From lost self-esteem, lost money and time spent fixing “flaws” and a well-documented preoccupation with thinness, the effects of profit-driven health information involve serious loss for women, while too many industries see huge economic gains. From the life insurance industry collecting higher premiums for those they deem “overweight” based on a standard they set themselves, to major financial savings for medical experts and the government using the profit-driven BMI, to the diet and weight loss industry raking in an estimated $61 billion on Americans’ quest for thinness in 2010, those who make money off the discourse surrounding women’s health are thriving unlike ever before.
When Women Hate Their Bodies, Their Health Takes the Hit
While representations of women’s bodies across all media have shrunk dramatically in the last 30 years, rates of eating disorders have skyrocketed – tripling for college-age women from the late ‘80s to 1993 and rising since then to 4% suffering with bulimia. Maybe even scarier is the 119% increase from ’99-’06 in the number of children under 12 hospitalized due to an eating disorder, the vast majority of whom were girls. Though the Department of Health reports that “no exact cause of eating disorders have yet been found,” they do admit some characteristics have been linked to their development, such low self-esteem, fear of becoming fat and being in an environment where weight and thinness are emphasized – all of which are shown to be related to media exposure of idealized bodies, which is all but inescapable.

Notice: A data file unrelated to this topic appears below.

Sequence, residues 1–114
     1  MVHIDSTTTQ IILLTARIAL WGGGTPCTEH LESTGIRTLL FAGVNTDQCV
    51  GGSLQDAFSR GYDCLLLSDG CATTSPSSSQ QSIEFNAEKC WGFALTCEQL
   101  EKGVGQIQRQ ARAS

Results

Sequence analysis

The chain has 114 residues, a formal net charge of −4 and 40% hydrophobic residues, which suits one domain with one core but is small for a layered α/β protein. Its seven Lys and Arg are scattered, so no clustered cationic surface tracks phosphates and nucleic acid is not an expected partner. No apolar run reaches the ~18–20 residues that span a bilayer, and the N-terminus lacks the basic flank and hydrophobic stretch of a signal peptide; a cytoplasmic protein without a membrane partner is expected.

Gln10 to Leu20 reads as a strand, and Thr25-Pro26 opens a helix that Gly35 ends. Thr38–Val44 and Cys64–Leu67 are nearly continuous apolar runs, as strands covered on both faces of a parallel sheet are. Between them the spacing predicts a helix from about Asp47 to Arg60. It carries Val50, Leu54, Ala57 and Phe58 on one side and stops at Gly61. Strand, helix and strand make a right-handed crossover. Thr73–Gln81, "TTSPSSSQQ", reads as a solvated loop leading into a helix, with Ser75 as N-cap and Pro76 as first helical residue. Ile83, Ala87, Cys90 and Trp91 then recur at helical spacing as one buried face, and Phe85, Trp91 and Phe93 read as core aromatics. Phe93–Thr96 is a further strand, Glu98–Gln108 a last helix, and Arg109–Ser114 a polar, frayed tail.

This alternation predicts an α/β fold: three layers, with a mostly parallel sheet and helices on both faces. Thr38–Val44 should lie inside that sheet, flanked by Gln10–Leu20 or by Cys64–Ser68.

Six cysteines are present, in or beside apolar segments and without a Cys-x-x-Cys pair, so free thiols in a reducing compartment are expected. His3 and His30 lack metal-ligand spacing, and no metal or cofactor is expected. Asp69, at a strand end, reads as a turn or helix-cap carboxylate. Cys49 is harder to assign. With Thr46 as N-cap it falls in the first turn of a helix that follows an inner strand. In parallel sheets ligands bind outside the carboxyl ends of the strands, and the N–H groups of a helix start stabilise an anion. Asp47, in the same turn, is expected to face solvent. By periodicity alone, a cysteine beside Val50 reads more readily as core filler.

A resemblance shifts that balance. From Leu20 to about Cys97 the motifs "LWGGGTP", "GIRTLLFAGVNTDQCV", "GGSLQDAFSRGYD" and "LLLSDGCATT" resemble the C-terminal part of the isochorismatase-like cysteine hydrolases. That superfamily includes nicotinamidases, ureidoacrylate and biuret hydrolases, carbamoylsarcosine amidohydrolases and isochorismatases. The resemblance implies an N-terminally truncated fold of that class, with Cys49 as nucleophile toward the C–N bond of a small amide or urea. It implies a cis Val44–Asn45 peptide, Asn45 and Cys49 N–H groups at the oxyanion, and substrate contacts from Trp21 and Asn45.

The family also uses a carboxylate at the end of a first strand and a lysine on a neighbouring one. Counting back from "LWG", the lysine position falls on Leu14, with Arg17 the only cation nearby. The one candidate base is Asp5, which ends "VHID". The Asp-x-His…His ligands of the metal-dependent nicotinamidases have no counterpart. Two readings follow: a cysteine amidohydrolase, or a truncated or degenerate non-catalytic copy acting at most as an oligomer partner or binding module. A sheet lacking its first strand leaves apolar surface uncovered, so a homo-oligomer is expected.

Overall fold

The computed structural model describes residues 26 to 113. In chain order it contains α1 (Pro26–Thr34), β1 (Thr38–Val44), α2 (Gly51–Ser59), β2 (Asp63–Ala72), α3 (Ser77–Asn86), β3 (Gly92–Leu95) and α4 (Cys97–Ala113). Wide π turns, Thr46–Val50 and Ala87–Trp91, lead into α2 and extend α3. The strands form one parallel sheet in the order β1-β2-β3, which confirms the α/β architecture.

Since the early 1900s, medical experts have agreed on the health dangers of extremes in body weight – both underweight and obesity. The anxieties incited by unrealistic thinness ideals perpetuated by mass media are contributing to two dangerous extremes in disordered eating: women turning to anorexia and bulimia, including exercise bulimia, as an attempt to fit the ideal on one end of the spectrum, and on the other end, women surrendering to unhealthy overeating and sedentary lifestyles in response to their perception that they are too far from the ideal to ever achieve an average or healthy weight.
A rich body of research that shows health and fitness often has very little correlation to body weight or even an individual’s BMI, as evidenced by a meta-analysis of medical studies since the 1970s that concluded overweight and active people may be healthier than those who are thin and sedentary (Macias Aguayo et al., 2005; Heimpel, 2009). Therefore, understanding that activity level is a much more reliable indicator of a person’s health than their body weight is key to promoting real, effective health goals that can lead people away from extremes like disordered eating and obesity.
With so many power holders with serious financial interests at stake in maintaining the disgust and anxiety females feel about their bodies, it is unlikely that the dominant portrayals/descriptions of women’s health will change anytime soon. Therefore, dismantling and revealing for-profit health myths must become the responsibility of everyone who recognizes their existence.
WHO CAN HELP:
- health educators and practitioners who know the difference between thin ideals and indicators of physical fitness